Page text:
Smith, Suzanne (2008) Is there something wrong?: NHS Direct Nurse practice in helping parents cope with crying babies. Doctoral thesis, University of Huddersfield.

Since the late 1990s there has been an increasing focus on parenting ability,
support and education which is reflected in policy, practice and research in the
UK. This research analyses how nurses might intervene to provide this support,
specifically in relation to crying baby and the role of nurses at NHS direct. It
involves collection and analysis of data from NHS Direct call data in 2002, and
solo focus group data in 2006. Within the wider tradition of grounded theory, the
methodology includes use of discourse and thematic analytical approaches.
The research analyses the means by which NHS Direct nurses make different
use of the algorithms and organisational protocols to make decisions and give
advice to parents with crying babies, how their clinical knowledge and experience
influences these decisions, and how nurses explore parents’ ability to cope. This
is seen within the organisational context of NHS Direct, a 24 hour government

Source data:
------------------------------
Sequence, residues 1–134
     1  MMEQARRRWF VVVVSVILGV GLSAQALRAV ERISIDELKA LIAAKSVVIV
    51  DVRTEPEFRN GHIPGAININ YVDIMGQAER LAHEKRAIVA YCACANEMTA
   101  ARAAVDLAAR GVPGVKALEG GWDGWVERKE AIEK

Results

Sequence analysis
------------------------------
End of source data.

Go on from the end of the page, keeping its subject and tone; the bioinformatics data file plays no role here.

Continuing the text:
funded telephone service described as both a triage service and an
advice/helpline service.

Findings from the study indicate a degree of tension between the essentially
humanistic nursing culture and the highly scripted, protocol driven rules based
system that underpins NHS Direct. Despite this tension, nurses will sometimes
combine their knowledge with that of the algorithm where the call is involved with
eliminating emergencies. The same synthesis of knowledge is not apparent with
the knowledge contained in the algorithm regarding non-medical, nonemergency,
value-sensitive issues relating to parental coping with excessive
infant crying. Findings suggest that NHS Direct nurses use the ‘crying baby’
algorithm differently and this variance is influenced by experience and familiarity
with the algorithm. Adherence to the algorithm is perceived by nurses as safe in
relation to the medical questions which exclude emergencies. The non-medical
elements of the algorithm, which include prompting the nurse to ask about parent
coping ability and the possibility of shaking their child, are treated differently and
it is considered safe to not ask, or ask around the question and to not offer the
advice prompted by the decision aid software. The algorithm prompt to assess
parental coping ability is rarely successful in encouraging the nurse to do so

From these findings, consideration might be given to enhancing nurses’
knowledge, skills and confidence, supported with appropriate supervision, to
provide effective intervention in relation to value sensitive, non-medical issues
such as parental coping ability and in handling the uncertainty such issues may
yield. Allied to this would be establishing clarity and recognition of the inherently
different, but not opposing functions of providing a triage service and an advice/
helpline service.

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